In general, in one aspect, adjusting signals in an automobile audio system having at least two near-field speakers located close to an intended position of a listener's head includes, for each of a set of designated positions other than the actual locations of the near-field speakers, determining a binaural filter that causes sound produced by each of the near-field speakers to have characteristics at the intended position of the listener's head of sound produced by a sound source located at the respective designated position. An up-mixing rule generates at least three component channel signals from an input audio signal having at least two channels. A first set of weights for applying to the component channel signals at each of the designated positions define a first sound stage. A second set of weights for applying to the component channel signals at each of the designated positions define a second sound stage. The audio system combines the first set of weights and the second set of weights to determine a combined set of weights, the relative contribution of the first set of weights and the second set of weights in the combined set of weights being determined by a variable user-input value. A mixed signal corresponds to a combination of the component channel signals according to the combined set of weights for each of the designated positions. Each mixed signal is filtered using the corresponding binaural filter to generate a set of binaural output signals which are summed and output using the near-field speakers.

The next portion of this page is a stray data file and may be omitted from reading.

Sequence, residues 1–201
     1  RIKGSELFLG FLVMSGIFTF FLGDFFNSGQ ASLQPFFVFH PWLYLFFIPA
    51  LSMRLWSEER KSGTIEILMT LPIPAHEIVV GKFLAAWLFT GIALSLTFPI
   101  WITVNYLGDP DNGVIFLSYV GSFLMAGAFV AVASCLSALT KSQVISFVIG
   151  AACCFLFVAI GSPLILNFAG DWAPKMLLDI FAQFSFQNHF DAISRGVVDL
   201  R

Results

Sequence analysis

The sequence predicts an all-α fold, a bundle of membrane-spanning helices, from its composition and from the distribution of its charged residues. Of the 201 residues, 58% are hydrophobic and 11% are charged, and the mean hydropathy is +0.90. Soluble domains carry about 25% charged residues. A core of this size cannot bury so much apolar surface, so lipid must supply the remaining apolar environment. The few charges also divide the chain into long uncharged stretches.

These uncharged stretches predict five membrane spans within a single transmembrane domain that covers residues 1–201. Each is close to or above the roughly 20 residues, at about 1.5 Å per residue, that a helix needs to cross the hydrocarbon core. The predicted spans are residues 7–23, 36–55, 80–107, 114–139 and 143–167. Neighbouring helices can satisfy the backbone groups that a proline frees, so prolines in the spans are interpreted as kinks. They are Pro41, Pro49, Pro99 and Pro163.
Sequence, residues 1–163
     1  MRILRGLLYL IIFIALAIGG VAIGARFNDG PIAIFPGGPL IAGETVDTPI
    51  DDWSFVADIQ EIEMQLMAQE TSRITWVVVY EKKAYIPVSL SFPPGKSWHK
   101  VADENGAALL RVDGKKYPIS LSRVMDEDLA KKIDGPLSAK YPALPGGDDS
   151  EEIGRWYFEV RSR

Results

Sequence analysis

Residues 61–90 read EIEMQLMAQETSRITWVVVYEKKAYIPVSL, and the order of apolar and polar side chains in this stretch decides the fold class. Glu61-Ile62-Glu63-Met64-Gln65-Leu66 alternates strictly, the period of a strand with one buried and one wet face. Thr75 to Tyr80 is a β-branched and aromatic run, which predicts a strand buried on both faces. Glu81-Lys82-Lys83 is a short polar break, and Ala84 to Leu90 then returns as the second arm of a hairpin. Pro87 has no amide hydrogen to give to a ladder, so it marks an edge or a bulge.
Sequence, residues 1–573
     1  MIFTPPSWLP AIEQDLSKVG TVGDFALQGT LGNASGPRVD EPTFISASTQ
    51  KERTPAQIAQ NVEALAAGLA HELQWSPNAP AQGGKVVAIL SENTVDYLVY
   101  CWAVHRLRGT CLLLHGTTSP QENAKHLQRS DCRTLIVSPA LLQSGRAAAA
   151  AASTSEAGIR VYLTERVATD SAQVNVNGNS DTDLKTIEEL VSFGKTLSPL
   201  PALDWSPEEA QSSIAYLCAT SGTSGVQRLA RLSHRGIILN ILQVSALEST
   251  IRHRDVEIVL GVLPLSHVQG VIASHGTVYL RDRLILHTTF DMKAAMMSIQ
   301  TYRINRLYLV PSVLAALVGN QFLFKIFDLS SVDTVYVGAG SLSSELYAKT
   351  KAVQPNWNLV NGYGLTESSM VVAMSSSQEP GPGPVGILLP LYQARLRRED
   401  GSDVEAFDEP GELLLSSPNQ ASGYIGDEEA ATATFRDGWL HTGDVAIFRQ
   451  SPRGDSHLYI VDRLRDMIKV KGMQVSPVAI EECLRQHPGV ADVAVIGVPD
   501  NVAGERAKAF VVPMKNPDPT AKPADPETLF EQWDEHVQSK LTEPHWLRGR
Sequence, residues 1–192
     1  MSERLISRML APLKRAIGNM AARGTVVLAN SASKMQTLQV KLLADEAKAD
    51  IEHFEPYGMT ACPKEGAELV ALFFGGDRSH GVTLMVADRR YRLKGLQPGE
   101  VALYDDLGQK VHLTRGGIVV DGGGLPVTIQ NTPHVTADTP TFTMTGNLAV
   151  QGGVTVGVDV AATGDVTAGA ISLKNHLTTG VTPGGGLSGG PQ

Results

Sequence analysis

Implementations may include one or more of the following, in any combination. The user input providing the user-input value may be a fader input, and contribution of the first set of weights may be greater when the fader control may be in a more forward setting and the contribution of the second set of weights may be greater when the fader control may be in a more rearward setting. The audio system may include at least a first fixed speaker positioned near a left corner of the vehicle's cabin forward of the intended position of the listener's head, and a second fixed speaker positioned near a right corner of the vehicle's cabin forward of the intended position of the listener's head, with a third set of weights for applying to the component channel signals for each of the fixed speakers to define the first sound stage, and a fourth set of weights for applying to the component channel signals for each of the fixed speakers to define the second sound stage, with the audio system combining the third set of weights and the fourth set of weights to determine a second combined set of weights, the relative contribution of the third set of weights and the fourth set of weights in the second combined set of weights being determined by the variable user-input value, a mixed signal corresponding to a combination of the component channel signals according to the second combined set of weights for each of the fixed speakers, the mixed signals being output by the corresponding fixed speakers. The first and third sets of weights may cause a different set of the fixed speakers and near-field speakers to dominate spatial perception of the soundstage than the second and fourth sets, such that which set of speakers dominates spatial perception varies as the user-input value may be varied.